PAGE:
Back home for the weekend and first birding stop was at the couple of weirs along the river Don east of Sheffield city centre (Sat 04 Aug 2018). A scattering of Lesser Black-backed and Black-headed Gulls with a lone Common Gull. An adult Lesser Black-backed Gull originating from Stavanger, Norway with black colour ring J793H showed briefly. It was ringed in 2015 its first calendar year - with thanks to Andy D for the information. Assuming intermedius. Several sightings of Kingfisher point to a healthy urban river and a Sand Martin showed well hawking insects.
Over the weekend the moorland edge provided good and varied birding as did the approach just outside of the Peak District where a Little Owl watched horse riders go by from its stone wall lookout, pausing before it hunted the edge of a newly cut field. Several Curlews remained in the uplands as the breeding season draws to a close, yet Ravens were reinforcing pair bonding as two put on a bit of a tumble over a moorland valley.
Hide your sausage rolls from this troublemaker, the one on the left, it even ran around the building to make a 3rd attempt on the food bag!
As dusk fell Venus and Jupiter began to shine bright in the western sky to the backdrop of a couple of churring Nightjars. Just after 10pm as Jupiter fell, Saturn and a bright red Mars showed well in the western sky.
Birding the South Yorkshire moorland edge is always magical and this weekend proved no exception. Whilst it was very early on in the autumn migration season this stretch is always worth a look. Arrived at Low Moor, Midhope at about 10 am (Sun 05 Aug 2018) and it was starting to get warm as high pressure remained dominant, although a light SW wind did help temper the heat. The fair weather marker clouds were beginning to melt into the blue background. Looking back towards Upper Midhope where the previous afternoon a Hobby had startled the hirundines, with thanks to the alarm calling Swallows who got us on to the scythe shaped predator, I was scanning this area for a repeat performance. Not to be, but a Common Buzzard drifted over fairly low down and another came into view but at a greater height. It launched into a power glide and soon they both headed towards Midhope Reservoir which they circled. Were they local or birds on the move using the light headwind to inform their route? A 360 degrees scan during the first hour also revealed several Buzzards to the south west along the moorland ridge and plentiful Kestrels hovered over both the moorland and grassy fields. A couple of the young Kestrels squabbled by the track much to the annoyance of a pair of Jays.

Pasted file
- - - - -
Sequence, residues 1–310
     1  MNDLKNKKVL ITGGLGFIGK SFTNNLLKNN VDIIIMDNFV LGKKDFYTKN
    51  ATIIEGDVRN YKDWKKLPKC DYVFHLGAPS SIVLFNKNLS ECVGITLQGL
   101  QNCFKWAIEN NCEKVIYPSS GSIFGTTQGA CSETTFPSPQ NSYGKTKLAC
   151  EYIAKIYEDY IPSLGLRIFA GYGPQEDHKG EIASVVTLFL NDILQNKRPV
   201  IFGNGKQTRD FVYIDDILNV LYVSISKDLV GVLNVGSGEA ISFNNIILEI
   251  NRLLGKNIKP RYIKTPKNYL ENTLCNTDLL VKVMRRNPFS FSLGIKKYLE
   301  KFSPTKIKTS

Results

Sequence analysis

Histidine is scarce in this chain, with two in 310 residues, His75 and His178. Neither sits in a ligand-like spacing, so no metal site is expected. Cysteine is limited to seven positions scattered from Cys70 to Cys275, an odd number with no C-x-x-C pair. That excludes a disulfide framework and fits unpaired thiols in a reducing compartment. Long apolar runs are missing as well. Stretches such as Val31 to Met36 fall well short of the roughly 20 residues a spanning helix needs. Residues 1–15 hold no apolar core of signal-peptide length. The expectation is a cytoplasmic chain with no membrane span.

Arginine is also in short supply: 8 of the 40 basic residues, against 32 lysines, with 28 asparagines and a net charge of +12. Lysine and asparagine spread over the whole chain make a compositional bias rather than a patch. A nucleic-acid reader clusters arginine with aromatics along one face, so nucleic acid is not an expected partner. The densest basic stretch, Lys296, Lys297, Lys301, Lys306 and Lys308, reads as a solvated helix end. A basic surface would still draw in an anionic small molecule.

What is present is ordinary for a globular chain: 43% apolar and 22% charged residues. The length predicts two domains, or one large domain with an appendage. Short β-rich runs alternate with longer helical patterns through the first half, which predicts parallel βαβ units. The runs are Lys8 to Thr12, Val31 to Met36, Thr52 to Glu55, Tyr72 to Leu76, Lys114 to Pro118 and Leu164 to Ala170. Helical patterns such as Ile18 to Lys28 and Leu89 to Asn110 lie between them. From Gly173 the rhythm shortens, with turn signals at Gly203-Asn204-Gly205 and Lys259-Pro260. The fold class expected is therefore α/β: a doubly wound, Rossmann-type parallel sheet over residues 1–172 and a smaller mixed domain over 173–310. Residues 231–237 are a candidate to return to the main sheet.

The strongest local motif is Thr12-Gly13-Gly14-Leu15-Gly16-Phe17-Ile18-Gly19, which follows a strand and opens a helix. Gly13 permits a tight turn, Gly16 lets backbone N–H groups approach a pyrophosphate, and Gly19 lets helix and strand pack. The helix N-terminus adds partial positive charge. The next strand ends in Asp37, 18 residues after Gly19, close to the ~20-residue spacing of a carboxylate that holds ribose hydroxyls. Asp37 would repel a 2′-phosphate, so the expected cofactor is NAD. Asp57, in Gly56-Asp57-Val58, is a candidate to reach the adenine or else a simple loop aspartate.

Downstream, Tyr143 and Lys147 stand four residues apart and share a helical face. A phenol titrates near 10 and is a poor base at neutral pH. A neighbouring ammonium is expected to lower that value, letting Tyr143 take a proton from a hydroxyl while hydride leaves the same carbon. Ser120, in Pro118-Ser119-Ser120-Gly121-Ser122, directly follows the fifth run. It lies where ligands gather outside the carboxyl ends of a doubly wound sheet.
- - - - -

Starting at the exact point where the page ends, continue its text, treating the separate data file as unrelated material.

Just after 11 am my dad spotted a couple more Common Buzzards drifting in from the direction of Langsett Reservoir, along the same line as the ones mentioned above. Checking the status of wing moult is a good pointer to help identify if the same birds are being seen again and again, will help in ageing the birds, but sadly missing feathers may be for another not so good reason. A third 'Buzzard' appeared, a new bird because it was clearly missing a few feathers (at the join of the primaries and secondaries) in the same place on each wing. I scoped it and alarm bells started to ring, I'm glad to say not because of the state of the bird, because of what species it was. It had barring / thick spots on the underparts against a pale body with barring extending into the front of the underwing. Head appeared grey-ish, not totally hooded as it had a white throat. We watched it pass overhead and I took a few record photos as it glided towards Ewden Heights. Throughout the observation it never flapped and maintained at least flat wings, no dihedral discernible. We were confident that it was a Honey Buzzard, but could we track it down the Langsett - Strines valley? Off to Ewden Heights.
Within a few minutes we were set up half way down the valley just below the Heights waiting in hope for it to appear from the Heights, and luckily enough a couple of minutes later it did. Camera and scope at the ready, and after having nice scope views of the flight profile, its slender long tail and at the other end its grey protruding head, not to forget striking barred underparts and with more record shots taken, it made a beeline for Broomhead Reservoir. Likewise we made a run for it to Agden Side trying to alert as many birders as possible in situ and along the road. We were soon at Agden Side and with other birders present we concentrated on White Lee plantation hoping it would choose this route as its way south. A bit of a gamble but sure enough just after 1130 it appeared from the direction of Broomhead Reservoir and all present had nice views as it slowly crossed over the Rocher and was last seen heading towards Sheffield city centre. It didn't flap once!
Assessing the photos showed it to be a moulting Honey Buzzard, and at the moment I reckon it was a male. It was a very nice surprise, a brilliant Barnsley tick (#231) and a new one for my moorland raptor list. Come on Pallid Harrier, you're next on the wish list for the patch, but stay safe when in the area!